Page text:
Proof is in the Pharmaceuticals

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Although it received little notice, a recent article from the Denver Post has one of the most curious and damning bits of evidence involving brain injured troops. By requesting information on drug purchases, the Post discovered several key markers:

From 2003 to 2007, the Department of Defense indicated:

• Spending for Topamax, an epilepsy medicine now being used to treat soldiers with TBIs that could lead to seizures, nearly quadrupled in four years, from $5.6 million to $20 million.

• Spending for Ambien, a sleeping pill, doubled in four years, from $11 million to $22 million.

All three drugs are commonly used for the treatment of brain injury.

What conclusions can we reach about the data? More servicemembers are having seizures. More of them are having problems sleeping at night.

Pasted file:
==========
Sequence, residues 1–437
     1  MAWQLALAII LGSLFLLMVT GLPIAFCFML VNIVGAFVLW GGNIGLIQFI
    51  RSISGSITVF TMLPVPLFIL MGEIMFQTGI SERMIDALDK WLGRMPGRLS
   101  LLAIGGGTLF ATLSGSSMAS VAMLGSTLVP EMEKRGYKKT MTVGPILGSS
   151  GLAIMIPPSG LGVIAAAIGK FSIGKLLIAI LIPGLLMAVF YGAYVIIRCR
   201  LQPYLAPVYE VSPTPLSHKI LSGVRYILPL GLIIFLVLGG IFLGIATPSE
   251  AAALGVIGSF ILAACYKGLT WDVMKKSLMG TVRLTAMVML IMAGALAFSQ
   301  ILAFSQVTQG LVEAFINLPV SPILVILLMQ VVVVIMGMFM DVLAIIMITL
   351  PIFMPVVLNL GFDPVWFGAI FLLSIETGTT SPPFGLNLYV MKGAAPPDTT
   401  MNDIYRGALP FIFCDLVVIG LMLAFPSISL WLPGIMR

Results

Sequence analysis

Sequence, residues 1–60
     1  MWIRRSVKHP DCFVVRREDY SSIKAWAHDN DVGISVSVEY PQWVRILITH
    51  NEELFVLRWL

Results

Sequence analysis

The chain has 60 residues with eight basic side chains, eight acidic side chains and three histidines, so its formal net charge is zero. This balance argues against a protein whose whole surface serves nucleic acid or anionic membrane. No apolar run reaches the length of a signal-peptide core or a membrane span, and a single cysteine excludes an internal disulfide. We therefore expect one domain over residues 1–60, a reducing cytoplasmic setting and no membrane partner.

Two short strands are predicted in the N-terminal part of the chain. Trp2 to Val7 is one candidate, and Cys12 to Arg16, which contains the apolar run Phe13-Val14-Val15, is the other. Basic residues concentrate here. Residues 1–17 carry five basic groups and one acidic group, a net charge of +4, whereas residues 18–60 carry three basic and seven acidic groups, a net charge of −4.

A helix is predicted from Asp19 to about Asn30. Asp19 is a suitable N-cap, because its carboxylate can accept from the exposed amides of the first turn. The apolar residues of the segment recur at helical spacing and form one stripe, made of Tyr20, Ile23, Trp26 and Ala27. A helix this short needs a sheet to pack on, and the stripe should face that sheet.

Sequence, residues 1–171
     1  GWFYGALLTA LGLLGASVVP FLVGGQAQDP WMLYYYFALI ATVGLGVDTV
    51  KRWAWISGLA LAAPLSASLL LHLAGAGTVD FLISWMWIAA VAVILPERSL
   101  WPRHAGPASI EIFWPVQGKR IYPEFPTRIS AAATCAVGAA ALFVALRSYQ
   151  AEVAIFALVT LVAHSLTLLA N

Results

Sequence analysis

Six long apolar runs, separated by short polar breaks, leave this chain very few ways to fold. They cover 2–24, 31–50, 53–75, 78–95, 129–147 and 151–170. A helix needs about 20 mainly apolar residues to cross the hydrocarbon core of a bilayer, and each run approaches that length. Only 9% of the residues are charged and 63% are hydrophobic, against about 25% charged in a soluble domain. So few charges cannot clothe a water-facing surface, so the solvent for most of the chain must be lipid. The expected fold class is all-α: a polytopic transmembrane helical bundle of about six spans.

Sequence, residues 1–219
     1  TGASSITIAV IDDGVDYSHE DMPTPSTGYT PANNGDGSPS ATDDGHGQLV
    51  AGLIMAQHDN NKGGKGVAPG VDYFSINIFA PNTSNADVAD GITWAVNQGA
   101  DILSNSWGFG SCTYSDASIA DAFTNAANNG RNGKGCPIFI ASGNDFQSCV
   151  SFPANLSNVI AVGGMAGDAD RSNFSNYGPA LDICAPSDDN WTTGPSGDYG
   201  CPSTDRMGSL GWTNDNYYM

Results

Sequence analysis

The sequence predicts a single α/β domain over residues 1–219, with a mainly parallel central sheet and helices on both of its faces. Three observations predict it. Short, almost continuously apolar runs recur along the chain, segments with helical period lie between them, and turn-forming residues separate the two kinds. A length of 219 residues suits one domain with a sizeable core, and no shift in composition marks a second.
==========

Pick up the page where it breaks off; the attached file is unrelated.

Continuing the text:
I have to applaud the Post reporter who wrote the article, but worry that much may have been lost in the editing. The Post didn't provide  more meaty information–are the purchases of drugs increasing or decreasing? What kinds of trends can we look out for that might illuminate the situation?–but it is asking the right kinds of questions. The kinds of questions we should all be asking.

Click here to read Soldiering On In Pain.

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